Cannes 2012: 'Shadow People' Picked Up by Anchor Bay for North America, the U.K, New Zealand
Matthew Arnold's big screen debut Shadow People, starring Dallas Roberts and Alison Eastwood is to scare up audiences across North America, the U.K. and Australia/New Zealand.
Billed as a supernatural thriller, Arnold's film is based on true story about a small town radio personality who unravels a conspiracy about encounters with mysterious beings.
Such "shadow people" were the cause of hundreds of unexplained deaths in the 1980s in the U.S.
Anchor Bay Films has acquired all rights for North America, U.K. and Australia/New Zealand to the picture in a multi-territory deal struck with sales agent Arclight Films.
The movie is produced by Michael Ohoven (Capote) and the deal was announced by Anchor Bay Entertainment president Bill Clark.
"When I first heard this concept, I couldn't sleep at night,” said Ohoven. "We had found a very real and terrifying phenomenon that affects millions of people worldwide and has even killed some of them. The idea is so terrifying that people don't even want to talk about it."
The multi-territory deal was struck despite it being marketed on the basis that researchers have linked the appearance of the shadowy figures as a phenomenon of the real life disease Sudden Unexplained Nocturnal Death Syndrome.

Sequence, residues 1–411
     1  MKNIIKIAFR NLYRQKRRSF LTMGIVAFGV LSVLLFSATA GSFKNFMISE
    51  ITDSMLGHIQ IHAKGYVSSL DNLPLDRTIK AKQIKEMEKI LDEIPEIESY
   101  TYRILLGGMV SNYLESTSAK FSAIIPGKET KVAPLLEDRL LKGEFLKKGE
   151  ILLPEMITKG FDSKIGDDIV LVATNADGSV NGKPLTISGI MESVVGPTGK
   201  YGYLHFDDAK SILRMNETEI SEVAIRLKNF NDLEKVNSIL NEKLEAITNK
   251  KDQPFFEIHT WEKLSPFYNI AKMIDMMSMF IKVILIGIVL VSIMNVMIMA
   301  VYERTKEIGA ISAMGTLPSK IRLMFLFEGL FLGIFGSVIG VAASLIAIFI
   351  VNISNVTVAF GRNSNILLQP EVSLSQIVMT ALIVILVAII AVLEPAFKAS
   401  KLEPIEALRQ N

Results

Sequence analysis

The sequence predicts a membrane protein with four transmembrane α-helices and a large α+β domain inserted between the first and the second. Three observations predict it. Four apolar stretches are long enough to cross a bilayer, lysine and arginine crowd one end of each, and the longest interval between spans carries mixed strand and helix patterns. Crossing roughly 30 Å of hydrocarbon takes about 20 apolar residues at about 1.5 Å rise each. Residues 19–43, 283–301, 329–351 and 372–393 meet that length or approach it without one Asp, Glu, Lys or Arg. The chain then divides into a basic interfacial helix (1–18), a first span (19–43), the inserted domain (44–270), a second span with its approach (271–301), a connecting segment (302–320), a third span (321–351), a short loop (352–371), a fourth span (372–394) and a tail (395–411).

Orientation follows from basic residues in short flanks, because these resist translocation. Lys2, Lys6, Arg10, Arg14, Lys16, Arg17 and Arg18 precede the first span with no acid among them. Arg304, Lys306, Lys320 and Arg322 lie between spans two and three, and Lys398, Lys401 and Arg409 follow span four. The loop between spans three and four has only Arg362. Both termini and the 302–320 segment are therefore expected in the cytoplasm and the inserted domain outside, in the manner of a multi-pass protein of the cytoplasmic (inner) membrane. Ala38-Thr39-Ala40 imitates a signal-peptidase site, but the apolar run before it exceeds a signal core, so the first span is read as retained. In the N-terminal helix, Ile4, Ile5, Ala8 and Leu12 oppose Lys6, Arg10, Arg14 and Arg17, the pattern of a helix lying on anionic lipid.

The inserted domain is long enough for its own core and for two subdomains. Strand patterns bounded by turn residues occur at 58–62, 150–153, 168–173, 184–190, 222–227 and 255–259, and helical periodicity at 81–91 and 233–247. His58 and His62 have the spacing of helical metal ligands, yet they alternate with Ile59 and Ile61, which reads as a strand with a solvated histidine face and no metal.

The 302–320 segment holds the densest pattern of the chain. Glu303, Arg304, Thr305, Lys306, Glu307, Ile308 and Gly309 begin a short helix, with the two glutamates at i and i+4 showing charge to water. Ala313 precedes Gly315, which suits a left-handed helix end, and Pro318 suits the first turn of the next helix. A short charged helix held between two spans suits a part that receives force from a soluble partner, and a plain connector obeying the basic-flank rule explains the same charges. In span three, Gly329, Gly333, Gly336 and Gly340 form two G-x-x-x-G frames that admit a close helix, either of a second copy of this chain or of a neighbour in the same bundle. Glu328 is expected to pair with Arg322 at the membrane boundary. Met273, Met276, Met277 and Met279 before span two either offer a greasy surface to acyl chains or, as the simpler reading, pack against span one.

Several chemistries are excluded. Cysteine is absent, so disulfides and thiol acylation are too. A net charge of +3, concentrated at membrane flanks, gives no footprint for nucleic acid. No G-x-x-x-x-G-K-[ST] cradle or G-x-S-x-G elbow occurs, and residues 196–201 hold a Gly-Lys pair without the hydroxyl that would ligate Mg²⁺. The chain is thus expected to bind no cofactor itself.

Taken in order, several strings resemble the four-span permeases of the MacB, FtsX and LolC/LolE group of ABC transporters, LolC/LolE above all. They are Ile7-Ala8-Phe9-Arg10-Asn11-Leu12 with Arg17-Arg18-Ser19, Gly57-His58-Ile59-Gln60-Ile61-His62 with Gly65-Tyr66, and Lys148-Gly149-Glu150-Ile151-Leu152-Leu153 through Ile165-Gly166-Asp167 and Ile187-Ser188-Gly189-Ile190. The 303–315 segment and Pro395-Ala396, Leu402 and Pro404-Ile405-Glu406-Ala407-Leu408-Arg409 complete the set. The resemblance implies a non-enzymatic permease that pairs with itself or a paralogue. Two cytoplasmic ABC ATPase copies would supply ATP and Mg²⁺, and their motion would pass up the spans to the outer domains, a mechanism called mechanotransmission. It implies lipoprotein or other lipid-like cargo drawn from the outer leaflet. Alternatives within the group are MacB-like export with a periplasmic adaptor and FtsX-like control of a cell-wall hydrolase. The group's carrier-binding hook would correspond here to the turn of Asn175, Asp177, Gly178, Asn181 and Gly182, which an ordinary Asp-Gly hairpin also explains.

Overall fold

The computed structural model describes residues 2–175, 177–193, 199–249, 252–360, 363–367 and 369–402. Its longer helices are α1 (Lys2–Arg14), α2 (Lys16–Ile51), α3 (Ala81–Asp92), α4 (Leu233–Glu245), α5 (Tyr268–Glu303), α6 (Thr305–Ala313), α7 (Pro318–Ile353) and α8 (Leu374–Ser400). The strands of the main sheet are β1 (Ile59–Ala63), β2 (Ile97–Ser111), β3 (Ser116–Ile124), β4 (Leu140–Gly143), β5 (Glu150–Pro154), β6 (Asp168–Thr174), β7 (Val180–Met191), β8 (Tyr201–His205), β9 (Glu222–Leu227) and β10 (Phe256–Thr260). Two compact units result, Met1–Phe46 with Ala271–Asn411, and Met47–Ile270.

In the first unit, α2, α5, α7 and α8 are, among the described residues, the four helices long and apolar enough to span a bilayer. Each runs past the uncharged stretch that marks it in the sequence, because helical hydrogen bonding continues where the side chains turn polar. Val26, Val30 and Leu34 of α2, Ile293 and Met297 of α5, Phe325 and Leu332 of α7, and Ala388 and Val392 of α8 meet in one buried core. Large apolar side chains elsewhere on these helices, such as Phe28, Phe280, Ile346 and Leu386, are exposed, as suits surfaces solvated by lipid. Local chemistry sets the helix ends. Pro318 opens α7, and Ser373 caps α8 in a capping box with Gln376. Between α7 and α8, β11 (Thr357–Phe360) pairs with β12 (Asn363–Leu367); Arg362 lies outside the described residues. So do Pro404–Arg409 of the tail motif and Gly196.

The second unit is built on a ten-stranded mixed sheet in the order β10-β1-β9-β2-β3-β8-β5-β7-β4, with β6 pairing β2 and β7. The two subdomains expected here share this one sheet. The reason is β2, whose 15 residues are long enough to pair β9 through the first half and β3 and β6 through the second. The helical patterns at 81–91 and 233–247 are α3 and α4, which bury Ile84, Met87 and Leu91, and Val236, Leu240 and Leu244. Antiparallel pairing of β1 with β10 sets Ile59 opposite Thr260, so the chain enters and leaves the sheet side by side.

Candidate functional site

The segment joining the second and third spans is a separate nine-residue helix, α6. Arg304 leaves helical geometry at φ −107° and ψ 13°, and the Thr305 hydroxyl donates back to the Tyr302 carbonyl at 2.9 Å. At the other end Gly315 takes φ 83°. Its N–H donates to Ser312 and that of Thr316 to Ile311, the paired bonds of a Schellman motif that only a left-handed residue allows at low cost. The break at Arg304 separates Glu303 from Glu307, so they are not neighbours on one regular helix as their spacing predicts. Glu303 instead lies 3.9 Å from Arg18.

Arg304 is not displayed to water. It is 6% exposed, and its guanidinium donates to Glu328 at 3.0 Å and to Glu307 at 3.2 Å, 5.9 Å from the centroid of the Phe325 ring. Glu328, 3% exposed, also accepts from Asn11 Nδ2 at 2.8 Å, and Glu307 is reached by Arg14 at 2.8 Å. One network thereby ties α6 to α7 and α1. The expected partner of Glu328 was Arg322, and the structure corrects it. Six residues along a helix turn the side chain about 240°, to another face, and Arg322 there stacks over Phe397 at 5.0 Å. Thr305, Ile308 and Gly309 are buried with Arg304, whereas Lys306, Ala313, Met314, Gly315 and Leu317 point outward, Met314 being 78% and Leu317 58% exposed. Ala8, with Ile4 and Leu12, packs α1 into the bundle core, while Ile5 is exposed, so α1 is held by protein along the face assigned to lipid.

"Because the disease infects the mind, merely watching this movie or studying the phenomenon could, according to some researchers, expose the viewer to infection," the backers said.
"I found that this phenomenon is very widespread, especially in Asia. I knew I had to expose this concept so people could understand what was happening to them, but ironically, by discussing it, more people begin experiencing it,” said Arnold.
"Shadow People is destined to be a success not only in the U.S. but internationally as well, due to its universal commercial appeal,” said Arclight Films managing director Gary Hamilton. "This supernatural thriller is full of suspense that unfolds in a terrifying and creative way," added Hamilton suggesting "audiences are sure to experience layers of mystery that will shock them to the core."
The movie made its Marche du Film premiere during Cannes.